Ethiopia: Hailemariam Desalegn sworn in as Prime Minister
“We are full of hope about the new leadership,” said Mohamed Keita of the Committee to Protect Journalists. He added that the group has guarded optimism until it sees what kinds of freedoms are allowed.
Speaking to parliament in the nationally broadcast ceremony, Desalegn said Ethiopia would remain “a stable and democratic nation” and would continue its security role in the region, including in Somalia and by aiding talks between Sudan and South Sudan.
Zenawi was credited with improving Ethiopia’s economy and was well liked in Washington for his cooperation on security matters. But critics denounced his country’s human rights record and the few opportunities allowed for opposition parties. With Desalegn’s ascension, civic groups and the opposition are holding out hope he will start to open the country’s politics.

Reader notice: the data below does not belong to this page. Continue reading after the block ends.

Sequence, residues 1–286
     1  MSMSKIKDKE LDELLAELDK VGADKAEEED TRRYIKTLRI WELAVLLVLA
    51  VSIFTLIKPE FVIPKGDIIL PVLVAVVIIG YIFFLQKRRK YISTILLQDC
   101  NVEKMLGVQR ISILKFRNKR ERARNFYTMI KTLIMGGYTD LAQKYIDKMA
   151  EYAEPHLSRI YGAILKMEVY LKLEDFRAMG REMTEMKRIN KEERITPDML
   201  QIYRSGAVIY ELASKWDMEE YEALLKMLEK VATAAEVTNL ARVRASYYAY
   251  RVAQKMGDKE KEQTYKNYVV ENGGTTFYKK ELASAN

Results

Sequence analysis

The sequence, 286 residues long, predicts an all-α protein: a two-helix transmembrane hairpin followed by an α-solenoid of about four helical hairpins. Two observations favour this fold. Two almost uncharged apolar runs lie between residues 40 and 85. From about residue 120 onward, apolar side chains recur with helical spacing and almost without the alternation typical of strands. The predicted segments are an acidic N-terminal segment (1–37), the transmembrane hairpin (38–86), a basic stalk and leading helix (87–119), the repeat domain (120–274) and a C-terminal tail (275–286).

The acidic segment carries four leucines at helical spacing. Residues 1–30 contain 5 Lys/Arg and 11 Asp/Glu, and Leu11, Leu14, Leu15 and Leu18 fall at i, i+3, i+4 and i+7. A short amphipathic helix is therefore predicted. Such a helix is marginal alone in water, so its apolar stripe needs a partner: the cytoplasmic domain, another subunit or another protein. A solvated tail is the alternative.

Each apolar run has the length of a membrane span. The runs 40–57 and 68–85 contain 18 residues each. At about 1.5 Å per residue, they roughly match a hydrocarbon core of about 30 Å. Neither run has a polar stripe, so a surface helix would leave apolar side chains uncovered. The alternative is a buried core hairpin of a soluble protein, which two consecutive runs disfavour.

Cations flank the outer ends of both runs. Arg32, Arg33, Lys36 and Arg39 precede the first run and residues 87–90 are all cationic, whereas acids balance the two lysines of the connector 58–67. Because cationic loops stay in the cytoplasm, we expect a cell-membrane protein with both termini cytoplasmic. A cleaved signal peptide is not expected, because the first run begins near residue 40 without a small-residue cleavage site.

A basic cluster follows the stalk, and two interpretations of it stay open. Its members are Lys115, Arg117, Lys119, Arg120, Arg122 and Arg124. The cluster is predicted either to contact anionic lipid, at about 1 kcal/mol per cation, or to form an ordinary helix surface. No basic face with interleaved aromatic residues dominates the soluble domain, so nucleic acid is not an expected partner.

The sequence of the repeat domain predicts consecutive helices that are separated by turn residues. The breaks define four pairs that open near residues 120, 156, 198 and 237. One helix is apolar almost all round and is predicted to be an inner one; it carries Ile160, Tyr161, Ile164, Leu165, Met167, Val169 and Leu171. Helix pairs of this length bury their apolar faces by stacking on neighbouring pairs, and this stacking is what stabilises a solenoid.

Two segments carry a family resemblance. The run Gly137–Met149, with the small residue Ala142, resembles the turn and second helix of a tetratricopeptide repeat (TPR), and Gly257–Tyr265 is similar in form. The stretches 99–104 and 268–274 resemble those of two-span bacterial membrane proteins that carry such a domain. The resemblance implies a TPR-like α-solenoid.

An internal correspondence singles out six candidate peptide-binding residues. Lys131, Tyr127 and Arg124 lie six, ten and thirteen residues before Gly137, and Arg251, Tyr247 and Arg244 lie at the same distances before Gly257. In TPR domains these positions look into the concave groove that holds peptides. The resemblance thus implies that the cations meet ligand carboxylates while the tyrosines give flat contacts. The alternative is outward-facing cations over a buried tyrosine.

Making changes before Ethiopia’s 2015 national elections could be difficult, though. Unlike Zenawi and his inner circle, Desalegn did not take part in the 17-year armed struggle that unseated brutal communist leader Mengistu Hailemariam, the struggle that saw Zenawi come to power in 1991. It’s not clear how much freedom Desalegn will have to make changes that the older leaders oppose.
Ethiopian and U.S. officials signaled that the countries’ cooperation would continue. Ethiopia borders Somalia and has sent troops there several times to battle al-Qaida-linked militants. The country allows the U.S. military to operate drone aircraft from its runways.
“I doubt that there will be any major changes in the U.S.-Ethiopia relationship, but there will inevitably be changes on the margins as time goes on,” said David Shinn, the U.S. ambassador to Ethiopia from 1996-1999.
In his speech to parliament, Desalegn vowed to sustain his predecessor’s polices including ambitious economic goals “to take the country among middle income economies in just a decade.” Zenawi was hailed for overseeing economic progress.